If you enjoy real life stories about individuals improving themselves against great odds then you’ll love this book.
Mr. Lewis tells the story of a young African-American boy, Michael Oher (pronounced “oar”), born in the worst section of Memphis, TN into one of its most dysfunctional homes as he makes the gargantuan leap from the arm-locking embrace of disadvantage to celebrity. The book also gives witness to the fact that these transformations don’t happen easily. It takes the will power, resolve, love, interest and effort of every possible person you can imagine and some good fortune too.
Born to a drug-addicted mother, Michael bounces in and out of school and various hideouts in an attempt to avoid foster care, which was more oppressive than the gang infested housing development he managed to surivive, for the better part of his first sixteen years of his life.
But, even though he spends little time in school he isn’t inactive. He uses every opportunity to improve his basketball skills, in pursuit of becoming the next Michael Jordon, and in the process develops natural abilities that eventually make him a highly sought after prospect to play left tackle for division 1A college football and eventually the NFL.
Not everyone, however, is on his side. Not every obstacle is overcome easily.
With very little education and even less athletic experience at the high school level Michael was hesitantly accepted at Briarcrest Christian School in his sophomore year with the stern ruling that he could not play sports of any kind until his grades were up. A feat no one really expected to happen.
Through the hard work of many, including Michael, and especially the support and advocacy of the Tuohy family, who eventually adopted him, he managed to claw his way into football fame. At every level Michael shows himself to be an outstanding athlete who just needed nurturing from a few caring individuals. He got all that and more.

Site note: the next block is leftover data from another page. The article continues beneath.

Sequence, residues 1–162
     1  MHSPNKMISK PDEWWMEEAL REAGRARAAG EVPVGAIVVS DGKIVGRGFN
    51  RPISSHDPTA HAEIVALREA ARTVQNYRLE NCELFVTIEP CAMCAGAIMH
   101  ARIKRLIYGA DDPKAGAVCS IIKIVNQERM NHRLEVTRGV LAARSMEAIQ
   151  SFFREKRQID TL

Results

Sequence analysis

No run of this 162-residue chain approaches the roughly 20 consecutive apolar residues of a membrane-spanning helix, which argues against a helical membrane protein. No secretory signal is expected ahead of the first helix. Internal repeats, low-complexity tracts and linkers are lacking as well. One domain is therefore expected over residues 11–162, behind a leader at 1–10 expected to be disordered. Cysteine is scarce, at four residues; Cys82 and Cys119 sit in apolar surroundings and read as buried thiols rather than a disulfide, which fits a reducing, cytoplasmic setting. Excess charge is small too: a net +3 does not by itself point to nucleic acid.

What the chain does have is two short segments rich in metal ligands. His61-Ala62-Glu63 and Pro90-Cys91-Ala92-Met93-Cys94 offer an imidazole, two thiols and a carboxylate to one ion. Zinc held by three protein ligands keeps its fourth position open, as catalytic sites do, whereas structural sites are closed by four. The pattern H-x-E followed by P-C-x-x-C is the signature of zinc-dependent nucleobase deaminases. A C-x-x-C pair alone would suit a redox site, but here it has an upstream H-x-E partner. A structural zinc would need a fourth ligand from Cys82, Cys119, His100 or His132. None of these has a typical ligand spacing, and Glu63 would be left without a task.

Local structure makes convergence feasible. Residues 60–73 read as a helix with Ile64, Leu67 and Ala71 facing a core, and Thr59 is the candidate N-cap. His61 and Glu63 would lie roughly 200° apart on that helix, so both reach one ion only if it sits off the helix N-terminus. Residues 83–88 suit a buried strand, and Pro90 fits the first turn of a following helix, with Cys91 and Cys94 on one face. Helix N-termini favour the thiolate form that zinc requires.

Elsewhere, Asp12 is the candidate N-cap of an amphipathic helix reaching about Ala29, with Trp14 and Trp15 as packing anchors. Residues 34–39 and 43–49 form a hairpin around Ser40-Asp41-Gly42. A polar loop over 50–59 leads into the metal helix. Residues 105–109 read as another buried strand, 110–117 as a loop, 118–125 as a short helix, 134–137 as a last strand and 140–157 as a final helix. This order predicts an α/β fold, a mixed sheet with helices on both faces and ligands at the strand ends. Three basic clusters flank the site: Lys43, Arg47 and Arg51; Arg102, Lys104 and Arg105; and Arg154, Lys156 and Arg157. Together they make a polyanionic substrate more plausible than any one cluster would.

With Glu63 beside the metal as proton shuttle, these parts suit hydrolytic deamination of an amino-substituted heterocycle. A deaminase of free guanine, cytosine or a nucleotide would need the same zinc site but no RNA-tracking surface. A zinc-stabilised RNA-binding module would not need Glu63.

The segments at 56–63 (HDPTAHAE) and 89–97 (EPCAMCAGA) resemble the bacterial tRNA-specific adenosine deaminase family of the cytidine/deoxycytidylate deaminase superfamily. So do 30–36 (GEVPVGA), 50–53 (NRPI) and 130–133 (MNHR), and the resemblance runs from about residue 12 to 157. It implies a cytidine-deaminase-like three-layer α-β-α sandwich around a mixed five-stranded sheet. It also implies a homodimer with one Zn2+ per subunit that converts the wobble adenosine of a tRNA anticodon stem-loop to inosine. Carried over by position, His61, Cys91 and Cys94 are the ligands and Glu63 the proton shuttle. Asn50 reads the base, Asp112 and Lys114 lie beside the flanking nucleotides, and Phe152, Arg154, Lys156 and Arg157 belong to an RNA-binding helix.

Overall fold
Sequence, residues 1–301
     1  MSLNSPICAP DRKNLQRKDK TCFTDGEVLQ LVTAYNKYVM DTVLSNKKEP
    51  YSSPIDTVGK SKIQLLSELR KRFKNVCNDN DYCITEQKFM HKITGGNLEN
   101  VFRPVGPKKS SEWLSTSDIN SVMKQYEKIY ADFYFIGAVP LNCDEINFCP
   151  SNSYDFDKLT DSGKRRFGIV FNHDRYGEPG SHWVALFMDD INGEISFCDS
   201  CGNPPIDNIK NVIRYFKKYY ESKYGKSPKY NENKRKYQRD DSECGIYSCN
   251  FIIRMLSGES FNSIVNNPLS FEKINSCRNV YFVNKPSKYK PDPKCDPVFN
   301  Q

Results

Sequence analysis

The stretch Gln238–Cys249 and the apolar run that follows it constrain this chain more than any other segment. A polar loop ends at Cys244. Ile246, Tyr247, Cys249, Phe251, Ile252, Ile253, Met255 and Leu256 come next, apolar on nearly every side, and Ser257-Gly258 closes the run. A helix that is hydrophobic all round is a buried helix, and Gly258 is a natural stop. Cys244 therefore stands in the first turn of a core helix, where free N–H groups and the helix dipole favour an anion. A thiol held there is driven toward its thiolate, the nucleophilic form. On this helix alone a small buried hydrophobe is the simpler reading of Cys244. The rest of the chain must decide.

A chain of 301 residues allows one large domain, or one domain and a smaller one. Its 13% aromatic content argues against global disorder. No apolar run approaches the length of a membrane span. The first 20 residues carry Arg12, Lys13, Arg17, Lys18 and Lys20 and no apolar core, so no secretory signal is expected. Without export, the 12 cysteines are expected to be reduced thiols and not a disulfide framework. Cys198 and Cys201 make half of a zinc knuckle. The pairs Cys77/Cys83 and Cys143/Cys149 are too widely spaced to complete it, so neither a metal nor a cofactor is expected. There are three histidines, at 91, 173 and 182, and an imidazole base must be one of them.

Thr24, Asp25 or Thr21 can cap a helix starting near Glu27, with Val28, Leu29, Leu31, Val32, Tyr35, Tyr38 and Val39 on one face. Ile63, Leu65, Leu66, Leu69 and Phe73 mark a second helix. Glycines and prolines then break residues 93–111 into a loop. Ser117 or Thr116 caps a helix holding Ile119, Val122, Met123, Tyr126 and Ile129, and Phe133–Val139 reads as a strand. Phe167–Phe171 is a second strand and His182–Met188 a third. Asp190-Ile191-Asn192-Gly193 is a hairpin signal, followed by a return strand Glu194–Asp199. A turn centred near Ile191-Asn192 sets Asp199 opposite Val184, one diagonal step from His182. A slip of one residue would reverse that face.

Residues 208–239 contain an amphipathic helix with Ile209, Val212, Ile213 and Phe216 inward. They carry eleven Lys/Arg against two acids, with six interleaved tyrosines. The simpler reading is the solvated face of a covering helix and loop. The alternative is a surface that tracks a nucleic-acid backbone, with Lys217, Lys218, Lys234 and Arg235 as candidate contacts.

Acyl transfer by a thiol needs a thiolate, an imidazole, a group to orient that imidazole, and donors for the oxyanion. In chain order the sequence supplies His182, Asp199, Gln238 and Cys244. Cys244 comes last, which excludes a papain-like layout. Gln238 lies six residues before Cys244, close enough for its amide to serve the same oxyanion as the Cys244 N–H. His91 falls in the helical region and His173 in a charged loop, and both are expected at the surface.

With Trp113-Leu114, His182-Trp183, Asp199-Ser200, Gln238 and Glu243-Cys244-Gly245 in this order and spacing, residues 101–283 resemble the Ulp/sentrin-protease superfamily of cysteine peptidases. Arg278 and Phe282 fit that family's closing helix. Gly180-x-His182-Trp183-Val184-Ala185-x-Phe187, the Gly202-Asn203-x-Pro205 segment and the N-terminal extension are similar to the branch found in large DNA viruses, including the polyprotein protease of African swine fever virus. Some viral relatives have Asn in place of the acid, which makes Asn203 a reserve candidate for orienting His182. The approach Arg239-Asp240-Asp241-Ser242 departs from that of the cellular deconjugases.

This was not just another soppy, “feel good” story. No rules were broken or short cuts allowed. Michael managed to get academically qualified in what must be a record breaking three years, starting virtually at zero, and he was last reported as doing well. You could say the story is still unfolding.
The book was well written (an easy read to follow) and the writer did his homework. He interviewed every body. His keen sense for detail also enables us to make some important observations.
- That the church school movement, which on paper is a good thing, seems more intent these days on doing for Christian America what country clubs do for wealthy America. In this one instance, however, and against their “better judgment” real good was accomplished.
- That the Social Welfare system is only marginally better than ghetto life if that. It keeps the employees of the system busy, the conscience of everyone else appeased and provides opportunities for the less scrupulous to take unfair advantage of the underprivileged. It mostly embitters those it claims to help.
- That the NFL requires as much brain as brawn and the consistent winners must be deep thinkers with lots of character. The writer does a brilliant job of weaving a bit of NFL strategy development into the plot and in the process dispels entrenched ideas about the relative importance of certain positions. Here again, he did his homework, enough to convince those who are generally well informed. For the arm chair enthusiast he draws attention to positions normally thought mundane, e.g., left tackle, which protects the quarterback’s blind side (hence the title). Even non-enthusiasts can gain a respect for the game.
- That sporting programs can catalyze personal development in dramatic ways and the system, though at times faulty, does work. Open minded cynics will find the book compelling.
The human interest side of the story is so rich it is no surprise they have made a movie from it. Don’t miss this read! You can get it here and it really isn’t that expensive.